A little clarification might be in order. This section of meat in the cow is one of the main divisions when cutting meat. Therefore it is known as a primal cut. When it is cut as a roast (as opposed to steaks) it is considered a Prime roast. There is confusion and a lot of debate on the matter because prime is also the highest grading given to meats that meet a certain criteria of quality. But Prime rib is such an accepted term for the cut, even if it does not meet prime grading standards, the USDA gives it a pass and doesn't get anal about the title. You can purchase prime graded roasts at top dollar- most grocery outlets sell the lesser grade "choice".

Your actual question though about middle cut is an interesting one and hard to track down. There are some theories that I'll toss out to throw around. An old meat cutter's term for this setion of meat (ribs 6 through 12) is "middle meat". It could be that the store was simply being redundant and selling the idea of middle as being pretty good stuff. After all there is center cut this and eye of that.

Another idea is that some stores call the second cut or slightly less quality Chuck side of the full 16 pound rib, the center cut. It's a rarely used term but maybe that's where the middle cut term comes from. Below is a brief description of first cut and second cut.

First Cut Rib Roast

An extremely tender and flavorful roast, First Cut Rib Roast consists of ribs 9-12 from the loin end of the cow. First Cut Rib Roast may also be called Prime Rib, Loin End, or Prime Rib Small End. Not surprisingly, this is one of the most expensive cuts suitable for a beef roast.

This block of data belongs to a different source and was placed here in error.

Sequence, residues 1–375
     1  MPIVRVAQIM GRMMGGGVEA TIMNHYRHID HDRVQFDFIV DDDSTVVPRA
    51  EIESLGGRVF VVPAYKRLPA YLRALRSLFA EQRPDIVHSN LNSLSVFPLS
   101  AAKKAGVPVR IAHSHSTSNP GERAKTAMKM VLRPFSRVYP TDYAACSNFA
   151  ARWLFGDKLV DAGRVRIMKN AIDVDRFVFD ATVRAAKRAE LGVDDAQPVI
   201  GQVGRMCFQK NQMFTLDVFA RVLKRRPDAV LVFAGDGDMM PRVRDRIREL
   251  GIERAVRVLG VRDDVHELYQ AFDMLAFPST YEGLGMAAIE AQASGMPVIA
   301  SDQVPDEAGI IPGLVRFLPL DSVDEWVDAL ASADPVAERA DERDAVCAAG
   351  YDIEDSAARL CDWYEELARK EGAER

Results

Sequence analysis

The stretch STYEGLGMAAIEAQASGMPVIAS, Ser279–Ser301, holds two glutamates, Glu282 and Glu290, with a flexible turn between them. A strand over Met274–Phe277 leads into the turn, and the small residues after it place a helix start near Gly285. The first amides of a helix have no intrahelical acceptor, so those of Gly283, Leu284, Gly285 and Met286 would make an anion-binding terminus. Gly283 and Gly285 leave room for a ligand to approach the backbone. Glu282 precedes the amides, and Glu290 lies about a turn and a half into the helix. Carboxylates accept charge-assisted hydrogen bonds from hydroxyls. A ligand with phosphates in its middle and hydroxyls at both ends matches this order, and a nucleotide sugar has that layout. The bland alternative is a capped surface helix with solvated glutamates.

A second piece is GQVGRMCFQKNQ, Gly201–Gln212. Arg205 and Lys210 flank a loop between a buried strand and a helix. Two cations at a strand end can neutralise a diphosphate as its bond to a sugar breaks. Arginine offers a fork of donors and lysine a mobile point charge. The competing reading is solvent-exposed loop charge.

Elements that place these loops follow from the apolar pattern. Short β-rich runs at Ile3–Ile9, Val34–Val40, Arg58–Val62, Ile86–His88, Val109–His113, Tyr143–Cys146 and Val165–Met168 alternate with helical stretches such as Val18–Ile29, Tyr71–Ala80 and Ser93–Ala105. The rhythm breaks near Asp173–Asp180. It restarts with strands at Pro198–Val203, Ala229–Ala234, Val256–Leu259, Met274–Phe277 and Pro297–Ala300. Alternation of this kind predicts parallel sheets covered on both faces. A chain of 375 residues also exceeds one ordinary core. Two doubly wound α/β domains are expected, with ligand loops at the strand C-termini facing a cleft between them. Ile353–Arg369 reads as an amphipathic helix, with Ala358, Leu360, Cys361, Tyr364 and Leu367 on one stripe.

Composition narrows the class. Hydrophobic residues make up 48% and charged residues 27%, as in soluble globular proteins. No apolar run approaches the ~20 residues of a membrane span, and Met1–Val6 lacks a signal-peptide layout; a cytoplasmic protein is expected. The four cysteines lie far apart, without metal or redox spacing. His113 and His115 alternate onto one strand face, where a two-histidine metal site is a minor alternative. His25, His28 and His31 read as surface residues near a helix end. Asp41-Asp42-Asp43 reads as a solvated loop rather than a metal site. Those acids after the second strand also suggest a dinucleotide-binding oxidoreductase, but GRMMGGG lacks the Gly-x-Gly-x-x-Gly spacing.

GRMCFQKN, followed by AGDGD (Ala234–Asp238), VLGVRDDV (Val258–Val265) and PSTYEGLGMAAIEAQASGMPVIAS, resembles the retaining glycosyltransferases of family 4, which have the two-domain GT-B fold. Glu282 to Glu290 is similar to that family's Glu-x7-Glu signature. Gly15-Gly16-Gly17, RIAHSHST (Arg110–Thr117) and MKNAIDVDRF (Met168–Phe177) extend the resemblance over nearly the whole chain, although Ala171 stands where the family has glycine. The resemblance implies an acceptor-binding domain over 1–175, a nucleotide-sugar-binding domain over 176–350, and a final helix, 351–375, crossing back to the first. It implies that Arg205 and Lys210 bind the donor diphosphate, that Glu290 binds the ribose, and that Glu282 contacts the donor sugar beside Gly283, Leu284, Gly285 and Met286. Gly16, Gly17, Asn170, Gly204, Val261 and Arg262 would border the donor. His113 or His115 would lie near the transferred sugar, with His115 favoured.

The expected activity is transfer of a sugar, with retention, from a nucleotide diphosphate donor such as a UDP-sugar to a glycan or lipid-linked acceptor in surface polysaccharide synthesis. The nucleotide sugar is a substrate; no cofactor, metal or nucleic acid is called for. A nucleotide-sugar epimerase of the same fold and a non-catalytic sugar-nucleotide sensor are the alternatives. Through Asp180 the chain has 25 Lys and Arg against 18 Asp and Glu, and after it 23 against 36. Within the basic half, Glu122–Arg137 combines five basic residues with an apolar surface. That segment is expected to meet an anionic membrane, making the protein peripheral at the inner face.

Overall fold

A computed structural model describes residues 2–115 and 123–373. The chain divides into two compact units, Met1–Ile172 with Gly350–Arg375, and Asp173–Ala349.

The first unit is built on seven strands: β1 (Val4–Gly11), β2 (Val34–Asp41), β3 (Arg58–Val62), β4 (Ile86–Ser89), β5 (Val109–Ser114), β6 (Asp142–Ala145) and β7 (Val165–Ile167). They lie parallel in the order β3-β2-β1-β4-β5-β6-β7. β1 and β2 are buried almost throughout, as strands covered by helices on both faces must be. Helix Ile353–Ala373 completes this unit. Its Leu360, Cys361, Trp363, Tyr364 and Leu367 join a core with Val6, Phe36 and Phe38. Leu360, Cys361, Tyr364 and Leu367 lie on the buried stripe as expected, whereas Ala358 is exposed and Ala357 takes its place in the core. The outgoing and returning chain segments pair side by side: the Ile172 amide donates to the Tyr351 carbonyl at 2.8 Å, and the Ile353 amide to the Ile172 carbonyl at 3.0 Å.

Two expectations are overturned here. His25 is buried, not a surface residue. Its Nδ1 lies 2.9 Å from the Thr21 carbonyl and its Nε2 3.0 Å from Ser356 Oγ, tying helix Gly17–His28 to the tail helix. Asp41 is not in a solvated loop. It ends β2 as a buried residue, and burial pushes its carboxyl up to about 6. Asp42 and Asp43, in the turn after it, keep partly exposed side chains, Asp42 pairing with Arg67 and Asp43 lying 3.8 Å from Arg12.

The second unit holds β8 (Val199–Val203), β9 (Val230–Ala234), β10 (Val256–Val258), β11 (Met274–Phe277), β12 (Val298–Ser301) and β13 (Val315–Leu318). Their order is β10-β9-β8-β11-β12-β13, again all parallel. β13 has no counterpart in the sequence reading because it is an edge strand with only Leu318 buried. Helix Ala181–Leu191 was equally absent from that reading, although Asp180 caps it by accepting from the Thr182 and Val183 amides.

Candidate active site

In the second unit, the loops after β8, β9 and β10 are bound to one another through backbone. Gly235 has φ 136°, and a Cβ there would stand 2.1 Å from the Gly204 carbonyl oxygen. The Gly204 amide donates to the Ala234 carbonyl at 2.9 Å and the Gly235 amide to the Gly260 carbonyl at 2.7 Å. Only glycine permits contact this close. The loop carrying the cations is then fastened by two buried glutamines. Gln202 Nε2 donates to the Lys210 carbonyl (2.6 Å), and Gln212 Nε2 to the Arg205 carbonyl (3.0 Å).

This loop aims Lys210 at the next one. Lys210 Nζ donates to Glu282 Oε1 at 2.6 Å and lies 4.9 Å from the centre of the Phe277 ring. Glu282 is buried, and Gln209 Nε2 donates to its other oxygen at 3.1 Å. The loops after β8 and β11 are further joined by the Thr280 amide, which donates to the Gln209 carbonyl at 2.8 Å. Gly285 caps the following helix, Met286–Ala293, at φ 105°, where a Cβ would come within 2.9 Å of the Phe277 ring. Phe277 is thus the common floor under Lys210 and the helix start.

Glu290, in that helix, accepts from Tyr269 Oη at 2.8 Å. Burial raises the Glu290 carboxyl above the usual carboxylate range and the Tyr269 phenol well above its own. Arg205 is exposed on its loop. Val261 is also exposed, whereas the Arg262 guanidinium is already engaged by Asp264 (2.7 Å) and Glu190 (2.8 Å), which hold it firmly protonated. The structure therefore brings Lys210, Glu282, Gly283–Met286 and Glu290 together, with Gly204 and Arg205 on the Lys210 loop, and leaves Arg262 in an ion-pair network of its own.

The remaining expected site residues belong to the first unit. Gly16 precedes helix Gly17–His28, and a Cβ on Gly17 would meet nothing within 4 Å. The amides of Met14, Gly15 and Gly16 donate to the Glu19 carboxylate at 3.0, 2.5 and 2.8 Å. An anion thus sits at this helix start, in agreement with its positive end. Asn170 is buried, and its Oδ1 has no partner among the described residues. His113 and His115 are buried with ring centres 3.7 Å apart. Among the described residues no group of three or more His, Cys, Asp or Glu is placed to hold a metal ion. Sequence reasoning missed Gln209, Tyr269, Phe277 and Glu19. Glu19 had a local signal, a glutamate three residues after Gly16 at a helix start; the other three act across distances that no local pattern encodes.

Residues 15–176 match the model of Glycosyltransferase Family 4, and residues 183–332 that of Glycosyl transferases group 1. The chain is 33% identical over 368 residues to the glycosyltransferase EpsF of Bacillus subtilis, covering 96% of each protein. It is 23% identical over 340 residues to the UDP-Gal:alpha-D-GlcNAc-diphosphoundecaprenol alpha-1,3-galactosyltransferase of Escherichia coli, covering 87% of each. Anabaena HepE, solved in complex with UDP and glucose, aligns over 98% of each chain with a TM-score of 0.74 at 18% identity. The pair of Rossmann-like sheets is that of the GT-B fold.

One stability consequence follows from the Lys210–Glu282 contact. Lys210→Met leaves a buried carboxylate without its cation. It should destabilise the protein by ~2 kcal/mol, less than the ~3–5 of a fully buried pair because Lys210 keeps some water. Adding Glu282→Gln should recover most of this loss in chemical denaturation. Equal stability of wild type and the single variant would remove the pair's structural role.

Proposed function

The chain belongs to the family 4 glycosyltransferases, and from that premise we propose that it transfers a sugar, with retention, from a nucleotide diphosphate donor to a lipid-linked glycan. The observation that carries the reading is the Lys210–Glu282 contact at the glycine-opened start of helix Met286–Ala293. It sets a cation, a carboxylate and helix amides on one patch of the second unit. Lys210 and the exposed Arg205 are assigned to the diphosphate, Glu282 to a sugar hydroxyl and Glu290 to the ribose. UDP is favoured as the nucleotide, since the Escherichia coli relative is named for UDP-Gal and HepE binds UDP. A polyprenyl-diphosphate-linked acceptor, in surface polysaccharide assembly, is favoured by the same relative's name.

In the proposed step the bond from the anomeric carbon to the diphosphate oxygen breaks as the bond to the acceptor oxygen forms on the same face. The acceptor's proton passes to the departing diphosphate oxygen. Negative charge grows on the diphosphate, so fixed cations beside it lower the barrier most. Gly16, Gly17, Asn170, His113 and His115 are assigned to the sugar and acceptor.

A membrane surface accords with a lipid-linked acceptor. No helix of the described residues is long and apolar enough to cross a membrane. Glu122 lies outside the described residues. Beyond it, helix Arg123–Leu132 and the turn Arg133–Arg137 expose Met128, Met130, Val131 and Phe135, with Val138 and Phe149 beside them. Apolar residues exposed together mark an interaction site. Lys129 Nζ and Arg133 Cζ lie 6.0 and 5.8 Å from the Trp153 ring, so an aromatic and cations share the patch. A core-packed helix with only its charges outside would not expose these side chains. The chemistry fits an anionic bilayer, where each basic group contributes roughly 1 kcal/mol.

Second Cut Rib Roast

Also known as a Large End Rib Roast, the Second Cut Rib Roast is cut from ribs 6-9, closer to the chuck area of the cow. As a result, this beef roast is slightly fattier and slightly less tender than the First Cut Rib Roast. It remains, however, an excellent choice for cooking a beef roast. It is also a rather pricey cut of beef, though slightly less expensive than a First Cut Rib Roast.

Michaelp

    Bookmark   March 24, 2010 at 11:29PM
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jkom51

Michael's got it right on target. The more expensive rib roast cut is also called "small end" because it is smaller and more compact than the bigger, less choice "large end" cut. In this case, bigger is NOT better! You'd actually have to look at the roast and check what both ends look like before deciding if this is a good buy or not. It's easy enough to tell once you look at the roast - if on one end, the meat is broken up into three or four sections divided by fat and gristle, you're basically buying a cut of chuck instead of sirloin.

At $3.99, I'd buy the small end, myself. Even for Choice grade meat, that's a great price. With some marinating and a medium rare roasting, it ain't filet but it'll be really good eating!

    Bookmark   March 25, 2010 at 6:59PM
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caliloo

I usually don't make Standing Rib once the weather gets warm, but after reading this post, I think Eileen has a great idea and I am now craving Rib Roast!

Alexa

    Bookmark   March 26, 2010 at 6:07AM
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michaelmaxp

So Eileen, did you buy it?

    Bookmark   March 26, 2010 at 3:49PM